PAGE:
Refactoring Reloaded!

WARNING: This blog entry was imported from my old blog on (which used different blogging software), so formatting and links may not be correct.

Jackpot is finally available.... well, as an alpha that is. But hey, I love to live on the bleeding edge - I always run with the latest and greatest bits I can get my hands on.

Here's the announcement, sent only to the NetBeans development mailing list. At this stage, the UI is not ready, but developers can start playing with the concepts and start writing refactoring scripts. Refactoring scripts, what's that you say?

Jackpot really is a new approach to refactoring. Sure, there are builtin refactorings - code transformations that are coded as direct AST manipulation. However, Jackpot also lets you write your own Rule files, using a special but obvious
rule language. Rather than describe it here, just
go check out the tutorial.

Unfortunately, there are no screenshots in the tutorial. And for any new software, the first thing I look for are screenshots. So, below follows a few screenshots to hopefully whet your appetite. It's exciting to see so many new innovations going into the NetBeans IDE!

Here's the first thing I did. I applied the "Add Override Annotations" transform. This goes and looks for all methods that are currently overriding another, and adds the new JDK 5 @Override annotation to all these methods. I've recently started using this annotation in my code, but I've added them haphazardly, so it's nice to be able to do this in one shot. When you run the transformer, you get a results window with diffs before you apply the change:

As I mentioned, you can write your own rule files too. This is the real big deal about Jackpot. It allows you to write your own, simple source substitutions - with full accuracy on types. The below shows some code cleanup rules. There are many many other rule files too, and more deprecated uses ones should be written.

Here's the current queries menu - queries simply list results, but doesn't actually change the code:

Here's the current transforms menu:

Note that it's very easy to add to these menus. Create your own rule files, open up the Command Manager and add a reference to your rule file (what, did you think "Tor's Test Rules" at the end of the menu above was part of the Jackpot distribution?). It then shows up in the menu and you can run it. Developers can then share these rule files. If you come up with some good rules, PLEASE please share them!

P.S. Remember it's an alpha so don't start complaining if you get exceptions, if the UI isn't Right(tm), etc.

Friday, March 3, 2006

Hidden Creator Feature #5: Power Inline Editing

WARNING: This blog entry was imported from my old blog on (which used different blogging software), so formatting and links may not be correct.

Creator 2 supports inline editing of lots of components. This includes "non-textual" components like buttons, text fields and text areas. There are a couple of secret flags you can set to change the behavior of inline editing.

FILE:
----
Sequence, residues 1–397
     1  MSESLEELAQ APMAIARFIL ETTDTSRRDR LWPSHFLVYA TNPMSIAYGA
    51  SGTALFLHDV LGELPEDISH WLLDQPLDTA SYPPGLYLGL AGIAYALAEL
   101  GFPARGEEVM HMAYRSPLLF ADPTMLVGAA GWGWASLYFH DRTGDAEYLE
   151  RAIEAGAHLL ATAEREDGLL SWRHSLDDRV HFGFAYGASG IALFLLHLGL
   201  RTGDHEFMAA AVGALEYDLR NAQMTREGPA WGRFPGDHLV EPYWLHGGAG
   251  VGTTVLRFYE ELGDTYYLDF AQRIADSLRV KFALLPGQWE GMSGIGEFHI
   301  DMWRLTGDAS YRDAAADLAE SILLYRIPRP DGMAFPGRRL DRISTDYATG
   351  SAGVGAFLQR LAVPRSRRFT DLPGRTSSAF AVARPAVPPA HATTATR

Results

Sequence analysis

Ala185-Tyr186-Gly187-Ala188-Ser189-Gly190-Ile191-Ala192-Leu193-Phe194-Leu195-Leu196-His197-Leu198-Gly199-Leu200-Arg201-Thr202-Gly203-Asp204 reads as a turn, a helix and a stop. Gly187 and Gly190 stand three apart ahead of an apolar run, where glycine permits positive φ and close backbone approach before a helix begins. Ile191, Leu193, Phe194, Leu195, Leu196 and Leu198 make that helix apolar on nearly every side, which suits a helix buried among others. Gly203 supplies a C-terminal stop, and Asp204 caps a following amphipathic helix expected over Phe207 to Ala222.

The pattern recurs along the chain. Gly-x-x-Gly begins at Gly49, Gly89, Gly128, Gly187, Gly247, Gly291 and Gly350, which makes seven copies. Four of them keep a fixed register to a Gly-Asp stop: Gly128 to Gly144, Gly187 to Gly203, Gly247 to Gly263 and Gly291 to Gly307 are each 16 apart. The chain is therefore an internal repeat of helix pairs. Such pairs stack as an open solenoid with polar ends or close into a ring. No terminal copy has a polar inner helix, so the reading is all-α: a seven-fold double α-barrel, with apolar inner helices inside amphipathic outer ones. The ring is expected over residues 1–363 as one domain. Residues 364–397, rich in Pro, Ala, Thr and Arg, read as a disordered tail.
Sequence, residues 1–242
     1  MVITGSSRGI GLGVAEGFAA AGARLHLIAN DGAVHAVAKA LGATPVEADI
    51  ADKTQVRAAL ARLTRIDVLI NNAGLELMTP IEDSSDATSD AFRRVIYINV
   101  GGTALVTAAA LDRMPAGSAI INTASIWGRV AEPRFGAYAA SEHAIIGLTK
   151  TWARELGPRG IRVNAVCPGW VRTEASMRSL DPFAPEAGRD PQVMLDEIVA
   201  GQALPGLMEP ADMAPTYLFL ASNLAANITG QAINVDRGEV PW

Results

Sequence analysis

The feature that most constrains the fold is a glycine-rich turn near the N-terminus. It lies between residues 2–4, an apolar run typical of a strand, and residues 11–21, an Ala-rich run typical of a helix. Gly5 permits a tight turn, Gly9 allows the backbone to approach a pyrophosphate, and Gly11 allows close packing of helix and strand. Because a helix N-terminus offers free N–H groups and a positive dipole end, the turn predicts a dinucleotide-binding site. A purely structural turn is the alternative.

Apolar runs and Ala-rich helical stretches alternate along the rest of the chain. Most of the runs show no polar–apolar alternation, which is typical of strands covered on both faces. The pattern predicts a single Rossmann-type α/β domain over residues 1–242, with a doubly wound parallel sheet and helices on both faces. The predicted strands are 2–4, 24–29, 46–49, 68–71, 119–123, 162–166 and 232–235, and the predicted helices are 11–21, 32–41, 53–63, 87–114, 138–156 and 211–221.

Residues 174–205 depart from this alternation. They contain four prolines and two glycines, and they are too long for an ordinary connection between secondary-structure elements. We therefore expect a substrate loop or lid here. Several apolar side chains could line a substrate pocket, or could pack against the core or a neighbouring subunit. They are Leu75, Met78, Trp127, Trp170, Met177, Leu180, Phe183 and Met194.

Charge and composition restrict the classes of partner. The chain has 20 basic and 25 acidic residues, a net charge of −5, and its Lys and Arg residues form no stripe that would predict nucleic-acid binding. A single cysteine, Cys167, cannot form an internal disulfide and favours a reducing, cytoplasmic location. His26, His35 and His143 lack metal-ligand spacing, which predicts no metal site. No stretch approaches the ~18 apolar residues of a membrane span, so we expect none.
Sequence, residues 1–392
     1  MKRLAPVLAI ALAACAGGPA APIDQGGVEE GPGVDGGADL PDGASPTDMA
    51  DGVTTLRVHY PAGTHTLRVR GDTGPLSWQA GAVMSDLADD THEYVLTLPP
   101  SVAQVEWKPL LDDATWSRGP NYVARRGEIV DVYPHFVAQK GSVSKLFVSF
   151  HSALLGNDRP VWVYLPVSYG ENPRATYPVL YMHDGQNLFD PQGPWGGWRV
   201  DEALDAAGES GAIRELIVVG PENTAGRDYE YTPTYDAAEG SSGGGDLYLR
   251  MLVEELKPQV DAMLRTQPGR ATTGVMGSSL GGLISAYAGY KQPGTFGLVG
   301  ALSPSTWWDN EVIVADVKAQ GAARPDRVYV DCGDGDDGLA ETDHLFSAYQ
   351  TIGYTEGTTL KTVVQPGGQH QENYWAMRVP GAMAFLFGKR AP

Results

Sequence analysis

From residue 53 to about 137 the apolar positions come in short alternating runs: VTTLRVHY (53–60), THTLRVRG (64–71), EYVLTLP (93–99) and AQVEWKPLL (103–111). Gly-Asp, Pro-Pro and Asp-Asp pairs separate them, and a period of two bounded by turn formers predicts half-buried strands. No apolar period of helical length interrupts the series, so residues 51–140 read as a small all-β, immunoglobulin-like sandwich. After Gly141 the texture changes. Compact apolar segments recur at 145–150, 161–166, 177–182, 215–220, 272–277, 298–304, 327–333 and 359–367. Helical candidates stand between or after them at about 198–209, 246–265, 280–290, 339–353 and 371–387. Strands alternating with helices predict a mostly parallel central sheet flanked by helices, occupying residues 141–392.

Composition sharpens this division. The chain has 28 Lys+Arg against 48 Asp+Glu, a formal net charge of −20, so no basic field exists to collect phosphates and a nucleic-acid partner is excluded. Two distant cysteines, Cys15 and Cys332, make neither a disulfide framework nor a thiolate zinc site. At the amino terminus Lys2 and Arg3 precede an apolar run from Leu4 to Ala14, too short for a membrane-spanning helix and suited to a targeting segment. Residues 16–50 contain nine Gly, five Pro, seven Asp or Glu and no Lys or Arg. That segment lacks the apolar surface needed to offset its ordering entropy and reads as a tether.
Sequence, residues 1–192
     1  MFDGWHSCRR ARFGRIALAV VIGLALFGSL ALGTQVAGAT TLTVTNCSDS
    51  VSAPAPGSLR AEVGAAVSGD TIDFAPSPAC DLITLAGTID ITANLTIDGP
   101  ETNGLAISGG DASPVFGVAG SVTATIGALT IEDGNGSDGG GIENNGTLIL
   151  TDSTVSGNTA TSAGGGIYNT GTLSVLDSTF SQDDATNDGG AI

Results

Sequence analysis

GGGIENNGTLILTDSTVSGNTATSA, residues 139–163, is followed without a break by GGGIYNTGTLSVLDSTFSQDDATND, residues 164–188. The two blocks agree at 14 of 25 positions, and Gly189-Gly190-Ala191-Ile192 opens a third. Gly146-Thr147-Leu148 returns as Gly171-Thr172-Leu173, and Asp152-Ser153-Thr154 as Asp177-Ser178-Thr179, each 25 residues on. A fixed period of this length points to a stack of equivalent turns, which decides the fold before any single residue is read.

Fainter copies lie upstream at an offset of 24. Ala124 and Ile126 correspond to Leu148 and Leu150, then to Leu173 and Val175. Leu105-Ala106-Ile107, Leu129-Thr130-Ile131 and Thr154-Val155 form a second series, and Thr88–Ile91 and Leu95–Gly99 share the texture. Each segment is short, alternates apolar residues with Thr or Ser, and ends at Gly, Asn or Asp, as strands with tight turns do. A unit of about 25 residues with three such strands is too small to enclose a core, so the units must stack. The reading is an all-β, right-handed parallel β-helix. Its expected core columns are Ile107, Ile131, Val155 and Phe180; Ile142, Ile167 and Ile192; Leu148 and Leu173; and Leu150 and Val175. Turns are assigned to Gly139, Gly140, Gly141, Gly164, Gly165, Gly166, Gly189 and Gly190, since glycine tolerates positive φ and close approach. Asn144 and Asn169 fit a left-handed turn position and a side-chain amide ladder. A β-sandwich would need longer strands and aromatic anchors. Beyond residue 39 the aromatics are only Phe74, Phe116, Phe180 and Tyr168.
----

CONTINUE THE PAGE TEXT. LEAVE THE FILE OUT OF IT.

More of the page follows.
Inline editing is normally disabled for components that have are bound to value binding expressions (e.g. the value contains #{...}). Normally, at designtime, these components display "dummy data" - 123 for numeric expressions and abc for textual expressions. We can of course let you enter inline editing (by pressing F2 when the component is selected, or simply clicking on it when it's already selected, or using the context menu "Edit propertyname"). But there was a concern that people, especially novice users, would inadvertently edit their value binding expressions and get in trouble. So, it's normally disallowed. But if you run Creator with


(or add this to your creator.conf file), you can edit value binding expressions to your heart's content. When you enter inline editing mode, the value binding expression is shown in the designer page, and as soon as you commit, the normal dummy data is displayed again.

Inline editing also works on some components that aren't textual in the normal HTML sense - such as buttons, textfields and text areas. By default, Creator will allow inline editing of button labels by showing a textfield in place of the button when you are inline editing it. Early on I implemented inline editing of buttons with a textfield below the edited component instead. For buttons, this is still a decent behavior I think - especially when you initially drop a button, since it's a bit disconcerting to drop a button and see a text field... If you prefer that behavior, you can have it that way by running with this flag:


Here's how this looks when you run with both flags and try to edit a value-bound button. Notice how the inline edited expression is a value binding expression, and notice how it's displayed in a textfield below the actual button:

(Text Fields and Text Areas are still inline edited in place. And note that to commit input in a text area, you press Shift+Enter since just Enter inserts a newline.)